The original house was built in 1640 for the First Resident Commissioner Phineas Pett, his family and servants. In 1703 it was knocked down and rebuilt in its present style for the new Resident Commissioner George St Lo. Lo felt that the original house did not compare to his previous, and newly built, residence in Plymouth and petitioned for a new one to be built of equal grandeur.
The house has changed little since its construction and it is the oldest intact naval building in Britain to survive. Internally the centrepiece is a magnificent ceiling painting above the main staircase. Painted on wood panel and depicting a scene the Greek gods assembling, it is believed to have come from the Great Cabin of the Royal Sovereign an important first rate ship of the line, broken up at Chatham in 1768.
Provision for the spiritual welfare of those who worked in the Dockyard was not made until 1755, when a hulk was provided in the river for use as a chapel. In 1804 approval was gained for the construction of a dockyard church. It was designed by Edward Holl and was built largely by the Dockyard’s own workforce. It has an internal gallery supported on slender cast-iron columns. It is one of the first uses of cast-iron in the Dockyard. The last service in the Dockyard Church was in December 1981.
Today the church is used as a lecture theatre for the University of Kent. This new lease of life has allowed the building to be restored, providing a stable future for the building and is appreciated by all those who use it.
One of two ranges of stables in the Dockyard that provided accommodation for the horses of the Dockyard’s principal officers. The southern block contains a coach-house which was used for the Resident Commissioner’s carriage.
During much of the age of sail the Resident Commissioner at Chatham was also responsible for operations at Sheerness Dockyard. Although only 12 miles away the journey to Sheerness by river could take a long time if winds and tides were unfavourable. The Commissioner was therefore provided with an official carriage and horses.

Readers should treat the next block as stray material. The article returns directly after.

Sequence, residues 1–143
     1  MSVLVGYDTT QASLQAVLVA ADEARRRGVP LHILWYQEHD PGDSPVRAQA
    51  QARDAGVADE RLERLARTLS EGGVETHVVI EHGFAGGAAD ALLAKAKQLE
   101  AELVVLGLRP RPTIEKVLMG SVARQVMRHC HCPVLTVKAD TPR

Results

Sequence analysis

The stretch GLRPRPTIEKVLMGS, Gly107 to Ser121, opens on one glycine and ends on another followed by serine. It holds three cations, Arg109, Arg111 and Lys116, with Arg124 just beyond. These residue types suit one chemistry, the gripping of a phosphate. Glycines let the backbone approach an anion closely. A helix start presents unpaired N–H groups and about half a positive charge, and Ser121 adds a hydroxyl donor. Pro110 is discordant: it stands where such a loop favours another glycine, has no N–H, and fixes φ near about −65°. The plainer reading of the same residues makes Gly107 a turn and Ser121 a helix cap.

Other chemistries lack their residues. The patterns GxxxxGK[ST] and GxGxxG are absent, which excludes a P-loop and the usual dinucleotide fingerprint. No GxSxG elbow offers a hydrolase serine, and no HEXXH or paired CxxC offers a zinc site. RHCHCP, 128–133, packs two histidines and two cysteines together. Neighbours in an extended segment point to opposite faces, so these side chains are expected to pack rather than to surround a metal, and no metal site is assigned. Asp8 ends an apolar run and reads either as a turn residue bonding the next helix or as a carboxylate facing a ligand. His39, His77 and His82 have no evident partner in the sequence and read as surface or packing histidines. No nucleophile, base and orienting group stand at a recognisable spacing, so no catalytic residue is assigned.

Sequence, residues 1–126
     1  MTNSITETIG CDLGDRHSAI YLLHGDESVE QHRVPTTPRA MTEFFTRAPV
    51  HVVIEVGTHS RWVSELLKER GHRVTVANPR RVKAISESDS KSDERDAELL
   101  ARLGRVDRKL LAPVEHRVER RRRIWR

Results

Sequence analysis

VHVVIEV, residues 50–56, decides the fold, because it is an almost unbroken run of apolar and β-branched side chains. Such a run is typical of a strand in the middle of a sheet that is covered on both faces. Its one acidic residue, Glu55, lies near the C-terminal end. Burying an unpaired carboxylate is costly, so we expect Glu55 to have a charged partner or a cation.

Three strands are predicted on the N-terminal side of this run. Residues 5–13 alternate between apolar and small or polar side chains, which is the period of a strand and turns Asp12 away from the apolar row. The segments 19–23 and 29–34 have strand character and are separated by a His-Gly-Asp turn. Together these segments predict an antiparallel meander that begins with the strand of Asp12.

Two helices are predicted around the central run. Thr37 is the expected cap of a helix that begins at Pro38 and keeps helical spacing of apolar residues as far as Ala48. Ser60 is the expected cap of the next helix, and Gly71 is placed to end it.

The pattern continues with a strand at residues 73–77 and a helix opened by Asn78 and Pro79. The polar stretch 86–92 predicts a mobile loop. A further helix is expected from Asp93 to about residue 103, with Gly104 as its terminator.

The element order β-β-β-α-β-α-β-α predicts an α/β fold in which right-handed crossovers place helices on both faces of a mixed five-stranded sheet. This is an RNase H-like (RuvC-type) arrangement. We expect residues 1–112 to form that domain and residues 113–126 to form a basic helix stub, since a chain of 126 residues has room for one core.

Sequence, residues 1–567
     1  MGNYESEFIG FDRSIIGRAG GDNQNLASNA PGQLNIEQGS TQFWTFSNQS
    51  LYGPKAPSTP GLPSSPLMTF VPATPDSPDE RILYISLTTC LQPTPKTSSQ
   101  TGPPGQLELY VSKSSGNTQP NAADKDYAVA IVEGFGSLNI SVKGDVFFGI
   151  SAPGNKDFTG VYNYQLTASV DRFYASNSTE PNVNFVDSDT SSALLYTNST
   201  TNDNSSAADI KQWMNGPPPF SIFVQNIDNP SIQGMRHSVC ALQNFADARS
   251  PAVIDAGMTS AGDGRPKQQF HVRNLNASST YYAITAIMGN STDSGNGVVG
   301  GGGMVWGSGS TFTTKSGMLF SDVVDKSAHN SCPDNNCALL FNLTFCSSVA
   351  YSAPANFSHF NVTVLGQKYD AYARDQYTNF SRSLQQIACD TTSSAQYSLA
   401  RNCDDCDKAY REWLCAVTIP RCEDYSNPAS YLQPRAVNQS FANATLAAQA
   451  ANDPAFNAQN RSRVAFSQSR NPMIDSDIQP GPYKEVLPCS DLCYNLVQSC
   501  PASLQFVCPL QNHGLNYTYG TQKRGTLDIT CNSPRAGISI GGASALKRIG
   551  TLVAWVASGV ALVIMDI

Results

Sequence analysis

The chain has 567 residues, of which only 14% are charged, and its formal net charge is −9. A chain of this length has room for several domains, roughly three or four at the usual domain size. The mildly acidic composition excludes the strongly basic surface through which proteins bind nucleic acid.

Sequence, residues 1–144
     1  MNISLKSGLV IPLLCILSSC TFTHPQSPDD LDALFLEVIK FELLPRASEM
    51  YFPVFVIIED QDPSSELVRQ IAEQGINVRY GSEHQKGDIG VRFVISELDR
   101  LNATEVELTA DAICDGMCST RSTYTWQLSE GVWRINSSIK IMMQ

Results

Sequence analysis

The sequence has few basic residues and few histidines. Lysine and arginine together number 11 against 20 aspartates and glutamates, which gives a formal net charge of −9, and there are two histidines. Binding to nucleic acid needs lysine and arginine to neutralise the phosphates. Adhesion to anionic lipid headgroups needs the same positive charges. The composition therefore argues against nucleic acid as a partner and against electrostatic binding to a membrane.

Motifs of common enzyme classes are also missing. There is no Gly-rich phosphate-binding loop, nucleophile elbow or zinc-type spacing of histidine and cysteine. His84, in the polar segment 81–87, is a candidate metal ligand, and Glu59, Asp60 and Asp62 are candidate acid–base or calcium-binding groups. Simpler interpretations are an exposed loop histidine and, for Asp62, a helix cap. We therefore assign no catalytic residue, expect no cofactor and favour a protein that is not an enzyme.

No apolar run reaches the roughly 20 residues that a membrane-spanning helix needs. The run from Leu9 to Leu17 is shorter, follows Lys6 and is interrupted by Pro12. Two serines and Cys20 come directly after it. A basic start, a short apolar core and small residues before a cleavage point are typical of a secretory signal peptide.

Today the range of buildings is largely residential.
This comprises twelve large houses built for the senior offices of the Dockyard. The rooms on the lower floor would have originally been used as offices until the construction of the Dockyard’s first office block in 1750. Each house has its own walled garden, now some of Britain’s few remaining eighteenth-century ‘town’ gardens.
Six of the houses are larger than the others and were for the principal officers. They were the Master Shipwright, the Clerk of the Cheque, the Storekeeper, the Clerk of the Survey and two Master Attendants. The other houses were occupied less senior men: the Clerk to the Ropeyard and Master Ropemaker, the first and second Assistant Master Shipwrights, the Mast Caulker and the Surgeon.
Today these houses are private residences.
This substantial building was constructed for the pay clerks and other staff of the Clerk of the Cheque. It was originally a single-storey structure with the upper floors being added later on. John Dickens, father of Charles Dickens, worked as a pay clerk in this building between 1817 and 1822. Paid £200 per year, he attended the regular muster of all the artisans and labourers employed in the Dockyard and met arriving ships to pay the crews. Charles Dickens made many visits to the Dockyard, both then and later, writing some of his experience in his book The Uncommercial Traveller.
The building remains in use as an office today.